This spice acted as a catalyst a bit like cinnamon with the purpose of "speeding things up". It was believed to be able to evoke the powers of Mars and the Sun and even witches often used ginger in their magical spells and rituals.

The root was used in different ways but the most common way was to take a small fresh or crystallized portion of ginger root and put it in the mouth. At that point they meditated on a desire (for love, protection, request for magical powers, healing, etc.) and began to chew. The person then had to let the magical powers of this root fill the body and the aura (that invisible field of light radiation that would surround all living beings) while continuing to visualize the desire. Finally the root was spat out.

And if you could find a ginger root with a shape similar to that of a human being, its power was even greater.

Ginger was widely used for:

  • Promote prosperity
  • Awaken your own vital and magical energy: for this they ate food prepared with ginger
  • Keep diseases away: for this purpose a clean root was chewed and then spat on the diseased area of ​​the body to chase it away
  • Rekindle the passion in a relationship: for this reason wines or magic potions were prepared, note for example the one composed of ginger, cinnamon, cloves, breadcrumbs and rose water
  • Attracting money: ginger root was spread in the bag, in the pockets or planted
  • Don't feel the fatigue
  • Calm a thunderstorm and invoke peace: a ginger root was thrown into the sea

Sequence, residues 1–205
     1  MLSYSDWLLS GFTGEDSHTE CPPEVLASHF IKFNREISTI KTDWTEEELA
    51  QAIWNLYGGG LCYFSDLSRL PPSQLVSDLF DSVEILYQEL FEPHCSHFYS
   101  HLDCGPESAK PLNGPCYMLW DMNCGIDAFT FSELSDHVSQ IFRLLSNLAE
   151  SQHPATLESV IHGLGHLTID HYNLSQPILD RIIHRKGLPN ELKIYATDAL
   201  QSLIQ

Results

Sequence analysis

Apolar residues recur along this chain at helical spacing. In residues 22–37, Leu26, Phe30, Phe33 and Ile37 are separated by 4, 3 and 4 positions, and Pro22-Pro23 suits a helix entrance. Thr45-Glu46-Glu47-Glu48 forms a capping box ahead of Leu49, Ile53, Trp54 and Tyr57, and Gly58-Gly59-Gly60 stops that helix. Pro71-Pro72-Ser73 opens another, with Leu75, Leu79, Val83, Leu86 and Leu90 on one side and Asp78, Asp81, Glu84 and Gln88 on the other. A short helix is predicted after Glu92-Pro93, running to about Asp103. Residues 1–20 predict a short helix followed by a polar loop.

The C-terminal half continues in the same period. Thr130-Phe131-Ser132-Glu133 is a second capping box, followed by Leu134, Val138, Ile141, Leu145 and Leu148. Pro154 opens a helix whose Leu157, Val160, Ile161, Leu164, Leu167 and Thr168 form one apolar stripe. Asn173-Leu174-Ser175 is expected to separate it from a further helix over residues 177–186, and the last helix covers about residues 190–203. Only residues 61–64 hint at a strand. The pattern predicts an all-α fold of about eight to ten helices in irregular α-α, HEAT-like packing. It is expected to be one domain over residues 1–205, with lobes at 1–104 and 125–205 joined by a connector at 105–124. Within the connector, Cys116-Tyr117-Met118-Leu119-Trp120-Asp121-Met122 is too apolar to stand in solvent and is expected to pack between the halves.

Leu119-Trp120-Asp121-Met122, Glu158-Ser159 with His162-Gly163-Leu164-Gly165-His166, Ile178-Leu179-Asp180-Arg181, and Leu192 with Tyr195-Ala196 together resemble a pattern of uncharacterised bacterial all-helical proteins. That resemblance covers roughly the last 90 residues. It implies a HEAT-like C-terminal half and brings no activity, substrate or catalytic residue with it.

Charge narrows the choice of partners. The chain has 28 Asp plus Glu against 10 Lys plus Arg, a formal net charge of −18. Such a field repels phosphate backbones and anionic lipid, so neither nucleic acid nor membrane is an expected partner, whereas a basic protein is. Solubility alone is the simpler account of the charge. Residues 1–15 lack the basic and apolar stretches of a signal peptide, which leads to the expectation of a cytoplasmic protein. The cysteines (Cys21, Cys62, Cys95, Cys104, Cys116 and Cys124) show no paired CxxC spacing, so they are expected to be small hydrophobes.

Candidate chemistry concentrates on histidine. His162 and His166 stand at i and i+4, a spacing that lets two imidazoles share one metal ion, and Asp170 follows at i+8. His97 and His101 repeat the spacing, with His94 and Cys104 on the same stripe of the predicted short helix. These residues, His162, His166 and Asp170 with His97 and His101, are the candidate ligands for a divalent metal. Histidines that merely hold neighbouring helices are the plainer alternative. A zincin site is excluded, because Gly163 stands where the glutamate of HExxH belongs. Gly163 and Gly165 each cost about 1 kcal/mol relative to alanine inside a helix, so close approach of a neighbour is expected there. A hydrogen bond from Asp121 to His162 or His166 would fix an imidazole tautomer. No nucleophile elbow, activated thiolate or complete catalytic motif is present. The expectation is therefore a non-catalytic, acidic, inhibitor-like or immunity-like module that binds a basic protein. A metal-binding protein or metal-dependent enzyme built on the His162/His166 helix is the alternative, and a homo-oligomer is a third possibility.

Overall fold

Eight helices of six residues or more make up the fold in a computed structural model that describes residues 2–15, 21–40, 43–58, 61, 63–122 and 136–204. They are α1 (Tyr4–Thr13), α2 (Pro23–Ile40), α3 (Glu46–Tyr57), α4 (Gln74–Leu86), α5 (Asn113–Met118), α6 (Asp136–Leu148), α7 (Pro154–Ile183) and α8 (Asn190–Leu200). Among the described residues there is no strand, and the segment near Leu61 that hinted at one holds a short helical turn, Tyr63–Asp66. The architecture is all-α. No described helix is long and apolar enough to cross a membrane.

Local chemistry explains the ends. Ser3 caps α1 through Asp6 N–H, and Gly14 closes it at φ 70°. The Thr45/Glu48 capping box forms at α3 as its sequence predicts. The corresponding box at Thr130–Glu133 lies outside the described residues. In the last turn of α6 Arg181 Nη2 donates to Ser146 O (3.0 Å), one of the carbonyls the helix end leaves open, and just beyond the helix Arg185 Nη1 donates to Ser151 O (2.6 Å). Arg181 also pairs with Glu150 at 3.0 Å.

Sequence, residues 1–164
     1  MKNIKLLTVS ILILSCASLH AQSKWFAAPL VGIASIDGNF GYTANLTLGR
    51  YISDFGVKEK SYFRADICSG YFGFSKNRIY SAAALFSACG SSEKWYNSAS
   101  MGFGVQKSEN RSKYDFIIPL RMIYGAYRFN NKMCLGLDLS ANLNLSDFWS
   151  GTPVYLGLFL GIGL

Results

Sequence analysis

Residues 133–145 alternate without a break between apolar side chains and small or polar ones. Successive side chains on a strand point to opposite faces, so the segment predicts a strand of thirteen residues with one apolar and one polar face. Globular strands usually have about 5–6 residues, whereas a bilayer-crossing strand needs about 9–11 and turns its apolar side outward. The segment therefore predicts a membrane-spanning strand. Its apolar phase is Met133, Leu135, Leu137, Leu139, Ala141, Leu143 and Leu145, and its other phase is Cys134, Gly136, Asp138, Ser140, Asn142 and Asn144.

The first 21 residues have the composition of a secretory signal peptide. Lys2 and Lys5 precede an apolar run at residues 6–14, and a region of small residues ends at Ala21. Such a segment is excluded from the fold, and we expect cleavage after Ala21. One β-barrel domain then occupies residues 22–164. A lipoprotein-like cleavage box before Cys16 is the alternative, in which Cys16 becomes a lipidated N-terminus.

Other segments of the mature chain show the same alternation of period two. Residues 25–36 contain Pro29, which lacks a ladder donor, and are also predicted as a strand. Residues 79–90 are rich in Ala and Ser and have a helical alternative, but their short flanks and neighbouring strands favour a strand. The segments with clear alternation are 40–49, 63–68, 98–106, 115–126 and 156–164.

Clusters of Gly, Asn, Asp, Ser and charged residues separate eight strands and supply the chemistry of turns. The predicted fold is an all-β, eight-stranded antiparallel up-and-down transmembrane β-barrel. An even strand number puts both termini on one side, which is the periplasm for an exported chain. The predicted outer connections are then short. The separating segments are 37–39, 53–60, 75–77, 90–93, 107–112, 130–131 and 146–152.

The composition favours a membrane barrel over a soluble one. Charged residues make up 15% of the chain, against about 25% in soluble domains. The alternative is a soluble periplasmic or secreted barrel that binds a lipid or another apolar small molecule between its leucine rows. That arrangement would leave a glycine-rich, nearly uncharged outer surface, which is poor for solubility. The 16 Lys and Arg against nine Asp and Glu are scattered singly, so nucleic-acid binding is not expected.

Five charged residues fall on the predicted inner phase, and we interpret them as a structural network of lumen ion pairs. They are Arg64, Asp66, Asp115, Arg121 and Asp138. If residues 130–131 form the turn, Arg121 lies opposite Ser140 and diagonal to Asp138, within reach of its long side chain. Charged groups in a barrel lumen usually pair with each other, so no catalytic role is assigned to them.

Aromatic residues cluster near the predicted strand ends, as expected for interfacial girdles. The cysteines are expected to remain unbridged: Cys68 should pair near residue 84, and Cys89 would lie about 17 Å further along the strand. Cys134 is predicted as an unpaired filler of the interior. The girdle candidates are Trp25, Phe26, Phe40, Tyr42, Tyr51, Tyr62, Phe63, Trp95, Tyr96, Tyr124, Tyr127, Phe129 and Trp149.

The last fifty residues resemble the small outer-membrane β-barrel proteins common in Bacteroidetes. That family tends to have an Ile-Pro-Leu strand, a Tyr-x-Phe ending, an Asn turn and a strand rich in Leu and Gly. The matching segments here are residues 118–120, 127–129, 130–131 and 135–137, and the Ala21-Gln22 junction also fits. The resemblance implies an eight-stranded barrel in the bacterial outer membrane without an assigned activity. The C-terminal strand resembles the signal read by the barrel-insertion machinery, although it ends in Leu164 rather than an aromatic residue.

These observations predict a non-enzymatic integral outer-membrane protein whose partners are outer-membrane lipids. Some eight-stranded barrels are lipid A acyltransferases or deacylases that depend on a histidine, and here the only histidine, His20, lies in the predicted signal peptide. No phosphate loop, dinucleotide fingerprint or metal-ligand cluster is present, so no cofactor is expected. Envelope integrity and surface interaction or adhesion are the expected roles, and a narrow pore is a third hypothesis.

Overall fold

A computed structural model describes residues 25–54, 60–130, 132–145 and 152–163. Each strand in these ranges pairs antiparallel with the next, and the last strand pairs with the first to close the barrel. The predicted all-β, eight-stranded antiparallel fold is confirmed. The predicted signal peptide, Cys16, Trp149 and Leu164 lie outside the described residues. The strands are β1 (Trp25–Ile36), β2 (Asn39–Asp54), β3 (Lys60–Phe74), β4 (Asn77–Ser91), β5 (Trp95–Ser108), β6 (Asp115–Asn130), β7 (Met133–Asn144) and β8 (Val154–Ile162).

Ginger was also used in the making of amulets or inserted inside medicine sachets to promote good health and promote the protection of the sick.

The aromas of ginger were then used to create spicy and fresh perfumes, used for magical rites in which the forces of the afterlife were evoked.

In some parts of Africa, ginger was also considered magical. It was believed that eating a lot of it avoided insect and mosquito bites (particularly dangerous in those places) while the dried root was able to protect against evil spirits and bad dreams if kept every night under the pillow. The powdered ginger sprinkled in the yard helped keep trouble out of your home.

Ginger, a recipe to ward off bad luck

We present a ginger-based recipe used to ward off bad luck (of course take it for what it is: an example of how the spice was used in the past in magical and propitiatory rites, a fascinating reminder of the mystical past of our planet ).


  • a small piece of ginger root
  • fennel seeds
  • a few cloves
  • dried basil
  • small bag or pouch
  • optional: yellow crystal like citrine

Put all the ingredients in a bag or handbag and if you have it available, add a small yellow crystal. Then the following magic formula must be recited:

“The herbs of the earth fill my life with light
Bring me luck in a day and a night.
This spell is imbued with magic and mystery
Turn my bad luck into a thing of the past
Bad luck will sink into the ground
From now on good luck will follow me around "

Always keep the bag with you for a day and a night and then bury it in the ground (not anywhere you own). Your misfortune will also be buried with him!

On ginger, you may also be interested in:

  • Ginger: 10 Amazing Health Benefits
  • Ginger water: benefits and how to prepare the drink that helps you lose weight
  • Ginger herbal tea: recipe, how to prepare it, benefits and CONTRAINDICATIONS
  • How to lose weight with ginger
  • Ginger: all scientifically proven properties
  • Ginger: 10 recipes to make the most of it